KJust before Joshua Kimmich had a debacle with FC Bayern in the DFB Cup in Mönchengladbach, he was in Frankfurt. Not personally, of course, but the national player is currently a big topic, not only where he plays football. At prime time at 8 p.m. on Wednesday evening, there should be a debate about the socio-political role of football in Frankfurt. The Kuratorium Kulturelles Frankfurt had invited an illustrious group to the Haus am Dom: Daniel Cohn-Bendit, Franco-German journalist and former member of the European Parliament, Axel Hellmann, CEO of Eintracht Frankfurt, and Katja Kraus, former goalkeeper and football official.
The background to the discussion was the renovation of the administration building and the academy of the German Football Association (DFB) on the former horse racing track, for which the citizens of Frankfurt had voted in a decision. Michael Horeni, FAZ sports editor, was the moderator on the podium and led three very different personalities through the evening.
Horeni opened – unsurprisingly – with the currently most discussed topic in German football: The Kimmich case and the question of the corona vaccination. Cohn-Bendit took a clear position, showing indignation. Kimmich’s statement that he personally still has a few concerns about the lack of long-term studies is “stupid” for him. Someone who obeys all the rules, as Kimmich claims, cannot stand in a small group with his teammates hugging them ten minutes before this statement because a goal has been scored. It is true that this is “his right”, but by doing so he is disregarding the rules.
“The best protection is vaccination”
Cohn-Bendit sees the approach of the basketball team Brooklyn Nets in the NBA as correct, which does not allow the player Kyrvie Irving, who still refuses to be vaccinated, to play. “I think that’s the debate,” he said. “We cannot ask the teachers to be vaccinated and then not do this with the footballers, as with the youth, where you get close to each other. And there is the best protection in times of Corona – and the only one – the vaccination. ”He would still find it better if the DFB introduced compulsory vaccination for players – from the youth to the professional teams – that would be a clear statement and an “important thing”.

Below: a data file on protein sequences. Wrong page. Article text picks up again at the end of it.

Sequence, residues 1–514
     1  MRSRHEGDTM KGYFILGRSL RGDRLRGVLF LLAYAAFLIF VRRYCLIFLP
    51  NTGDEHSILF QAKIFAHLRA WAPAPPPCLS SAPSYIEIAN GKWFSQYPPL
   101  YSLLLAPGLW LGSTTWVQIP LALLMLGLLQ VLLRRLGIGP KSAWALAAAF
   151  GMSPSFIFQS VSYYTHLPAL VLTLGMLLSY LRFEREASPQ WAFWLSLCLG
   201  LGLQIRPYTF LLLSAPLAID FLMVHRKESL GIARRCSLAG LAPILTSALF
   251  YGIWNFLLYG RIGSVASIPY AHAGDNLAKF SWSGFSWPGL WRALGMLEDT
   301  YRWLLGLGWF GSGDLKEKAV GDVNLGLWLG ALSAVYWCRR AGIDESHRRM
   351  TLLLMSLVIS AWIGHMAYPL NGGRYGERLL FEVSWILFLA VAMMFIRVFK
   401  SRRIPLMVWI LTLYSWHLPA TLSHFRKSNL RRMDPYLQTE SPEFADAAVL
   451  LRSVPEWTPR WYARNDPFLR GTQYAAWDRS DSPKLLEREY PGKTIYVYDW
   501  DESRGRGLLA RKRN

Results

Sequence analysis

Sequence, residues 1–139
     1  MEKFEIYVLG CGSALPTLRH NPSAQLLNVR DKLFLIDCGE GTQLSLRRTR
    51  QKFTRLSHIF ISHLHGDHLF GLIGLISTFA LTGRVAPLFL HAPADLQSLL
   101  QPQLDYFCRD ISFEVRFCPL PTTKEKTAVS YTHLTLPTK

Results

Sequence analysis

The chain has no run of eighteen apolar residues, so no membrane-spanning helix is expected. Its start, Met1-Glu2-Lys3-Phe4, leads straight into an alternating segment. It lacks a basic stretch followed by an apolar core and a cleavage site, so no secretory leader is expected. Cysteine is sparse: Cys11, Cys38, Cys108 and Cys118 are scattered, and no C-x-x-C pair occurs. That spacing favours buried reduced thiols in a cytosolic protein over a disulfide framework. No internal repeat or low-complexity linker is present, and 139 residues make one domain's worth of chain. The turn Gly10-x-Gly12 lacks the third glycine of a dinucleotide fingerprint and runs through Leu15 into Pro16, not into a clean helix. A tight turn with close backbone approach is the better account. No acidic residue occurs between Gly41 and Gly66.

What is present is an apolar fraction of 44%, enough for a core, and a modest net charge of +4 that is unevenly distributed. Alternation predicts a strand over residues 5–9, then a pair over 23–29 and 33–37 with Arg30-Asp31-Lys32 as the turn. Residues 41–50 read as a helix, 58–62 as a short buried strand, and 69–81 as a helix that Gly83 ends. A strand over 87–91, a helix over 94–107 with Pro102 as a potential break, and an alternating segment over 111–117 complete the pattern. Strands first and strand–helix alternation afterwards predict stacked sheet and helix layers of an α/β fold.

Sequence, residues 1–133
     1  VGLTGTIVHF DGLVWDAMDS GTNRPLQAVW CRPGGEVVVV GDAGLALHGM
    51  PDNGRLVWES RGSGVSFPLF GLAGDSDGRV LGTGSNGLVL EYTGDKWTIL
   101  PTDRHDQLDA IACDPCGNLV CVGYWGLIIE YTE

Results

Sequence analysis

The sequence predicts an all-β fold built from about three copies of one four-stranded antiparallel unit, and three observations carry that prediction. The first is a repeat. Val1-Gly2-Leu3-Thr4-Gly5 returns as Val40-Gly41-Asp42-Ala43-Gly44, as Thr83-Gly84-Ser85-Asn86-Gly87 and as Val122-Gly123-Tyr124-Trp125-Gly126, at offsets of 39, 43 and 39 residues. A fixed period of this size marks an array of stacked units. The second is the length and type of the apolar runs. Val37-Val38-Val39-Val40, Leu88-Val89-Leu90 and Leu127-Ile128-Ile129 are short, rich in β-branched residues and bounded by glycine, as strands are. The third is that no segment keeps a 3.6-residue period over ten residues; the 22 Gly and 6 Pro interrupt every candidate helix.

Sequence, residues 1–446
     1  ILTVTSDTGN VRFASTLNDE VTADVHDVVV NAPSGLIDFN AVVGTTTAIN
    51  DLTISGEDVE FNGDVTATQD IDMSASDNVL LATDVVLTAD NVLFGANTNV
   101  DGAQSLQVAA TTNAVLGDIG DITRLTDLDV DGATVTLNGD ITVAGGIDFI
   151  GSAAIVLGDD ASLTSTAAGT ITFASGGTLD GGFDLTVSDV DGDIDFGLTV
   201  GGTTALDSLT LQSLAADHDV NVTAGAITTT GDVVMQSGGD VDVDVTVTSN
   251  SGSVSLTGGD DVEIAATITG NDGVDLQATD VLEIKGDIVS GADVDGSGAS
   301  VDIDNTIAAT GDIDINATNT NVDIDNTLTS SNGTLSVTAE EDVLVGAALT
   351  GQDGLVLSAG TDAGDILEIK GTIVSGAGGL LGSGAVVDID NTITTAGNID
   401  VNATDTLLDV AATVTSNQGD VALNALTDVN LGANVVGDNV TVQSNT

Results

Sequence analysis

Hellmann was of a similar opinion, who found that Kimmich had done himself a disservice and made himself the ambassador of a false camp through his unfortunate testimony. He would now be associated with people with whom he “probably does not want to be associated”. For legal reasons, one could not enforce the obligation to vaccinate players, but one had to work on expanding people’s horizons of understanding.
The only woman around, Katja Kraus, was amazed at the fact that the topic was the lead of the day’s topics. “How would the subject be discussed if it were a player who didn’t have that celebrity status”? Someone who might be viewed more critically by the public – they are more interested in that. It is also a solidarity issue for them, in this case Kimmich would have missed the chance to decide in the interests of the community over “their own doubts”.
In the further course of the discussion, the question of the candidacy for the DFB presidency was in focus – here there was a unanimous vote in favor of mixed-gender dual leadership – as well as the influence and relationship of the interaction between the DFB and unity on urban society in Frankfurt. Women’s football, its prospects for the future, as well as the alienation of fans, the so-called “basis” of the professional football business, which has progressed further through Corona, were also discussed.
There was a clear consensus regarding the basic work of the DFB, which the three discussants found to be at least inadequate. Cohn-Bendit even extended the arc from football: “We have to spell out social values from the Champions League to youth class D – and I don’t see much there at the moment – and if we can’t do that in sport, then we’ll do it in society also not create ”.